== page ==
Over the next few weeks, as we are sitting in our homes with our families, lets reflect. What would we do if this illness was coming for us and we would certainly die? What acts of worship would we be doing? What things would we change or ask forgiveness for. We need to trust in the protection of Allah, but start living knowing this world is temporary. We need to look at this as an opportunity to come closer to our Lord and change aspects of ourselves that need changing. We need to become more generous and take care of our community. We need to make sure we have prepared food or cleaning products for those who may not be able to buy them themselves. We should offer to babysit for the family who cannot take time off of work, and whose kids are home from school.
Know this illness is not being spread by one race or group of people. It is a pandemic, we cannot fall into the trap of Shaytan by placing blame and being racist or xenophobic. We do don’t discriminate in Islam.
Lets make dua. Not just for family, but for neighbours, for the city, for the ummah, for humanity… We need to follow the guidance of our Prophet (SAW) and his suggestions about how to protect our families. Recite the last three surahs of the Quran, Ayat ul Kursi, Al Fatihah (with the intention that it is a cure)… We should also take comfort in knowing that Allah accepted the Prophet’s dua request that his Ummah will never be wiped out in entirety like those of the past.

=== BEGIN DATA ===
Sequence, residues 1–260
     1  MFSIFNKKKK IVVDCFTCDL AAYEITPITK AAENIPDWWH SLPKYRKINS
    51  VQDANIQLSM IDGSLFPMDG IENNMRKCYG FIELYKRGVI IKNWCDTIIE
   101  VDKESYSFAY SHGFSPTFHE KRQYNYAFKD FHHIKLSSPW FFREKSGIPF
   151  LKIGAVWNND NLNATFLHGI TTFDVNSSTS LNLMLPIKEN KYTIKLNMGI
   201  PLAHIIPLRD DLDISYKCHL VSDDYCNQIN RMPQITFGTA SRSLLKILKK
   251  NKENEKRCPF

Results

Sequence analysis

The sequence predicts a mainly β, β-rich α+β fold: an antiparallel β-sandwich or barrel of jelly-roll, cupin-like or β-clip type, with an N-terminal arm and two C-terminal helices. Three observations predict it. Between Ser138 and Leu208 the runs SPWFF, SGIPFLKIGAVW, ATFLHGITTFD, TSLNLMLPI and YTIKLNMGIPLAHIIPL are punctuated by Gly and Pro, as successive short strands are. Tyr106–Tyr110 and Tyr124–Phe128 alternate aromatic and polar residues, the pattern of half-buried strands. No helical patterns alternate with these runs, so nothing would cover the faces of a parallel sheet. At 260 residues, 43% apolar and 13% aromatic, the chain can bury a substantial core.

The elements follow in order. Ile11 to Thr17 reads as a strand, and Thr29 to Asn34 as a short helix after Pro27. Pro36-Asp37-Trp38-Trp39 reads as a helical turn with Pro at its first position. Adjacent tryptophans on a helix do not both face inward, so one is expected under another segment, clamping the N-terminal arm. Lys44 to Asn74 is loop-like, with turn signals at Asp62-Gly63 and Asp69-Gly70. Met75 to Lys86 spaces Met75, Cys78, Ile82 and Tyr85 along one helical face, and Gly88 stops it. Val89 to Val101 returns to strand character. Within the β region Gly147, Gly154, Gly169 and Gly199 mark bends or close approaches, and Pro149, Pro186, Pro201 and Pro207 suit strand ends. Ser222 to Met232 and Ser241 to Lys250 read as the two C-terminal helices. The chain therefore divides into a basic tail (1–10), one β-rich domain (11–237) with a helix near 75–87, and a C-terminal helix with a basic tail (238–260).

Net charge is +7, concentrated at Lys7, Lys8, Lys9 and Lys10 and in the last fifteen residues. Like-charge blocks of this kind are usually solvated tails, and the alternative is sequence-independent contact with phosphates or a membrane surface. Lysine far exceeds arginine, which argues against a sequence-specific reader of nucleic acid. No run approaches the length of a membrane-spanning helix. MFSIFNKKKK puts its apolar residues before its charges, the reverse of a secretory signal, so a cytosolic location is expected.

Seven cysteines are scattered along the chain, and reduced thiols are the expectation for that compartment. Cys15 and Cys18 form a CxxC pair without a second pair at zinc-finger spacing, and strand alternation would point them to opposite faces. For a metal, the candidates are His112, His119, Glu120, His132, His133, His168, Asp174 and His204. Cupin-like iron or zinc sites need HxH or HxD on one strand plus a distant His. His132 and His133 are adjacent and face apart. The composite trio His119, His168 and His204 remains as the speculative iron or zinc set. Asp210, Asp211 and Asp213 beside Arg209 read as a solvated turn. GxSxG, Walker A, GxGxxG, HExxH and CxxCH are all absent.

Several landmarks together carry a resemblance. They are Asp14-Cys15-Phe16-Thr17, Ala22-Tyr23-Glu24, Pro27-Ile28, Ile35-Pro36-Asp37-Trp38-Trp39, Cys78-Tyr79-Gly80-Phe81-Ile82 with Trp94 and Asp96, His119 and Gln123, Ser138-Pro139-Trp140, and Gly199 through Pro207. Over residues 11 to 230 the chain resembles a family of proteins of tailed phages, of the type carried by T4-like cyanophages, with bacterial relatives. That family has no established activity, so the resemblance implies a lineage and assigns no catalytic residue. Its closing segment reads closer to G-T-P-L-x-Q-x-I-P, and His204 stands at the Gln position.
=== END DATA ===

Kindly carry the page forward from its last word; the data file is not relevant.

May Allah protect all of us. May this be a test that causes us to grow in our relationship with our Lord. May it be an opportunity to unite our communities and be a chance for dawah with those around us. For those affected by the virus, may they bear it with patience, be healed and may Allah give comfort to the families left behind by those who pass away. Lastly, may Allah send special protection on those Muslims in concentration camps in China, and in the open air prison Palestine, as well as those displaced by war or migration. May He protect them and prevent any harm from coming to them. Ameen.